The oldest and one of the largest public library systems can be found in downtown Kansas City, Missouri's Central Library.
This library houses special collections in the Missouri Valley Room. There, you can find a lot of information associated with Kansas City's history. For example, you can find old published news articles on microfilm available for downloading onto a thumb drive, or printing.
The first experience I had with the Missouri Valley Room and the helpful staff was during a search for newspaper articles dating back to 1941 on a research project.
There are other types of published materials you can find there including photographs and postcards too of historical significance. There's also a large digital collection you can browse on its website.
The Missouri Valley Special Collections was created in 1960 and became the go-to place to find information about Kansas City's history. It's on the fifth floor of the Central Library.
It is dedicated to the memory of Dr. William Stone Woods (1840-1917), chairman of the National Bank of Commerce (present-day Commerce Bank) and a major benefactor to many regional causes including William Woods College in Fulton, Missouri. (Source.)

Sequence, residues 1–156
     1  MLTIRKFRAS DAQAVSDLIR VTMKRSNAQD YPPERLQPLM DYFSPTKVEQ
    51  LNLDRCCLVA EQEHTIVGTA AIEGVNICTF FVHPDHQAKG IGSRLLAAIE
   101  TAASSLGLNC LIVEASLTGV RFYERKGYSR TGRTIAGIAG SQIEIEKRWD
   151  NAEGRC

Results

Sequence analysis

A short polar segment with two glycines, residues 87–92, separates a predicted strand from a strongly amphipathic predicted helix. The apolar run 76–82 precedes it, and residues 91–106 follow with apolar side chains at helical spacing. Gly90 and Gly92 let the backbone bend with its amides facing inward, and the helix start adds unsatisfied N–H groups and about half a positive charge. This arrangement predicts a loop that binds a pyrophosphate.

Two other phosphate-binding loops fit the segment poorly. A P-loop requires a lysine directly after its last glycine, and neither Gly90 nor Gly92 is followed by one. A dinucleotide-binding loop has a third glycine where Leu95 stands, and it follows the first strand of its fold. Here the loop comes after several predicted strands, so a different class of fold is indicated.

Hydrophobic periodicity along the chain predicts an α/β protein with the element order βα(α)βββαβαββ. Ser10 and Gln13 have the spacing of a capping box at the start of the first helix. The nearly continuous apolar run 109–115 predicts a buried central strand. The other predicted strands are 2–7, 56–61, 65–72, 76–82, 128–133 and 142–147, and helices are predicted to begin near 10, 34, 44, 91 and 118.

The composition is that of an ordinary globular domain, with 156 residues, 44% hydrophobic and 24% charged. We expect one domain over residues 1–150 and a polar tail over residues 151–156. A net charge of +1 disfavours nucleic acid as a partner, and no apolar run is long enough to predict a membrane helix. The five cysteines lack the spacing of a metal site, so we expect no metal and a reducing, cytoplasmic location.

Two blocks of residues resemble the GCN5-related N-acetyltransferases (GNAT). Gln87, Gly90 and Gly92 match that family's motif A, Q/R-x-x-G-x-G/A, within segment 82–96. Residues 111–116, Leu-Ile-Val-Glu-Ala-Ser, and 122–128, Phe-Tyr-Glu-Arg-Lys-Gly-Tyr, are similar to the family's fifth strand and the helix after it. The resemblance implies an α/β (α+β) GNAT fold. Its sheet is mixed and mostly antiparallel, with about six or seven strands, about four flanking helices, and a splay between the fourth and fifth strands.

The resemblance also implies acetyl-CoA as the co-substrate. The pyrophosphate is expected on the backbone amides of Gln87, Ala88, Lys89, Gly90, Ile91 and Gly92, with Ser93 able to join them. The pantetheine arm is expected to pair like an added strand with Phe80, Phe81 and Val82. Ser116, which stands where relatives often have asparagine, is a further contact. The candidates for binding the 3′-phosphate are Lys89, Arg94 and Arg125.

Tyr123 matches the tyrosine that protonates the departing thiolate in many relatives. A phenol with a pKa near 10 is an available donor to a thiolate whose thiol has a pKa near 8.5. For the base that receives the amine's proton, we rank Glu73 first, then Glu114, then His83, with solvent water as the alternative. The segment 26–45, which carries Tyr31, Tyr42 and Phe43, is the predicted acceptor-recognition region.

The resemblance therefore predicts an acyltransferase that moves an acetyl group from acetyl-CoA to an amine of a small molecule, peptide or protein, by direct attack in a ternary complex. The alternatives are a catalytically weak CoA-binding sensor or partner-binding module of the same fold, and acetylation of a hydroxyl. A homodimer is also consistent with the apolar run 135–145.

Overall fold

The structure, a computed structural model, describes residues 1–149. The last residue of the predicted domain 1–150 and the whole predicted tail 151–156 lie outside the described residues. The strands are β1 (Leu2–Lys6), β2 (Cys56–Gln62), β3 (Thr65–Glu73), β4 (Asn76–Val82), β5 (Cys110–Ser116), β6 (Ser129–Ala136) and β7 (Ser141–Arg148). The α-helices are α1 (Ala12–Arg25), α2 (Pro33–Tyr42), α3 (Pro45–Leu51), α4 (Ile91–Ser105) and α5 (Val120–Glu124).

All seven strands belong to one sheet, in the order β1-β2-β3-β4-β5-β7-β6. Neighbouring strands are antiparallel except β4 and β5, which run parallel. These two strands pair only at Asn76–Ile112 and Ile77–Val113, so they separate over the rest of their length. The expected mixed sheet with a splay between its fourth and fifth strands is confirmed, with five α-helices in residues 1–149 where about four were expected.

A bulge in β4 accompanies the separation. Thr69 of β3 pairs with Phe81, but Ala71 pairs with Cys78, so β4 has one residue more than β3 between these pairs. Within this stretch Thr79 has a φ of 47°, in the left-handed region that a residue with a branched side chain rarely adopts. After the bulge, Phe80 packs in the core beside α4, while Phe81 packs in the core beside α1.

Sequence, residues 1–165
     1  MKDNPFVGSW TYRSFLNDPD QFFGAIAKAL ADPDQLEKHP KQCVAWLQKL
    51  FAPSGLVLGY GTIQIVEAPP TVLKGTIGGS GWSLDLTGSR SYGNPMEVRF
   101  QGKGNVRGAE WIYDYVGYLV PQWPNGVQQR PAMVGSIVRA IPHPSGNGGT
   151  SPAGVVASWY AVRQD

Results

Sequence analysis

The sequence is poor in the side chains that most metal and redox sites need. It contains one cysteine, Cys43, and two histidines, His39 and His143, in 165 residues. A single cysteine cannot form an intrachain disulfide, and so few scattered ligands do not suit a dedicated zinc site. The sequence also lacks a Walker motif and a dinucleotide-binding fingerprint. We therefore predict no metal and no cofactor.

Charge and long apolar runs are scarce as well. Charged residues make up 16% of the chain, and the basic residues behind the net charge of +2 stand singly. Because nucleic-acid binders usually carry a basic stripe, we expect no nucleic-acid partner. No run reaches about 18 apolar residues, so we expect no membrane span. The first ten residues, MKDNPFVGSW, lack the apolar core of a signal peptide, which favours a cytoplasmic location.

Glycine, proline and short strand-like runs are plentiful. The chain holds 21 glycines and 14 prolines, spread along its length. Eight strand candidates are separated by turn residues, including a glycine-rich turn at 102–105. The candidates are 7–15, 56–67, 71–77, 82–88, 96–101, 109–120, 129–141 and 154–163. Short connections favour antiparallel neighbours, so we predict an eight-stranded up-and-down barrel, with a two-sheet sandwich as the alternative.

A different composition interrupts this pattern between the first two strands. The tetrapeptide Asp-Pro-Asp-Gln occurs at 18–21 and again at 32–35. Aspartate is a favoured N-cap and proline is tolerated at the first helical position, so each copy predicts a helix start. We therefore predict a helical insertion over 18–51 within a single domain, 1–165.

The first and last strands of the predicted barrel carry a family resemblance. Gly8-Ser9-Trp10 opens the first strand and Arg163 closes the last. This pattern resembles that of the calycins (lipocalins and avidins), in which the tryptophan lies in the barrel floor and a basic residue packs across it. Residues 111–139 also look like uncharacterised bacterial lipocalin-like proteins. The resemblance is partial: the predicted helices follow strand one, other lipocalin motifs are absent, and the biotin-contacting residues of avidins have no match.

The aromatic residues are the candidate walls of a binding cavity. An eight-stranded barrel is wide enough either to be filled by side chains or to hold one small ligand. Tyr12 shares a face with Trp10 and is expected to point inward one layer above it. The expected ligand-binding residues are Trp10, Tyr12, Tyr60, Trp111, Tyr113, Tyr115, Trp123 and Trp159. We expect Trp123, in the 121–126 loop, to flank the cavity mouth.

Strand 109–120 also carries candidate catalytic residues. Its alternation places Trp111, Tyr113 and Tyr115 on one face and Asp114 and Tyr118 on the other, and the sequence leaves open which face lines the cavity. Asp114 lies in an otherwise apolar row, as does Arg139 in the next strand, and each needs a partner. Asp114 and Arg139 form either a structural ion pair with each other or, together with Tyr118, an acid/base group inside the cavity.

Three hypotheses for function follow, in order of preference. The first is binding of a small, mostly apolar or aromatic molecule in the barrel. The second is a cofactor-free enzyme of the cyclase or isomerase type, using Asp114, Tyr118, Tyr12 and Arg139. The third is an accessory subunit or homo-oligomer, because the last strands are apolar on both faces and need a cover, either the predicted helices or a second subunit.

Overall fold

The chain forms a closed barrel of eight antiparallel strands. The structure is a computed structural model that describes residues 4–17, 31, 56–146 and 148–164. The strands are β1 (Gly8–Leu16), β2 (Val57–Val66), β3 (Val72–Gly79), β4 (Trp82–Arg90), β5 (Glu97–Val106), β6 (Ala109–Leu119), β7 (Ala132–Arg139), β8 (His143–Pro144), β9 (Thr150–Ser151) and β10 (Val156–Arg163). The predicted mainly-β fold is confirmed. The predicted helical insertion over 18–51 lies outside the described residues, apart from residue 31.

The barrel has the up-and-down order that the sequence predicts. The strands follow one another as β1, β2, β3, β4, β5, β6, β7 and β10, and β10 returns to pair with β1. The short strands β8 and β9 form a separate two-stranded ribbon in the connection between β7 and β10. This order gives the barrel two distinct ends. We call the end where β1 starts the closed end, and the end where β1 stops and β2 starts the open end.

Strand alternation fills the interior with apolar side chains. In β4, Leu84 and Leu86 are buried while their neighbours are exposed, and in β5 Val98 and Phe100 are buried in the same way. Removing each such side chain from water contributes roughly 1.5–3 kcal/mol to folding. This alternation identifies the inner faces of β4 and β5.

The Missouri Valley Special Collections was established in 1960. From 1913 to 1940, there used to be an organization of people devoted to capturing and preserving the history of Kansas--they were part of the Missouri Valley Historical Society.
The Society’s first president was lumber magnate John Barber White. His personal papers and library of more than 5,000 history and genealogy books were donated to the Library in 1933 and later incorporated into the Missouri Valley Special Collections, as were records of the historical society. (Source.)
Since I have collected postcards for years, it was interesting to learn that there is a postcard collection there of more than 16,000 postcards which are part of a postcard collection that belonged to Mrs. Sam Ray. She donated her collection in 1996.
At the Missouri Valley Room and the Missouri Valley Special Collections, there is so much history waiting for you to explore!
Thanks for reading!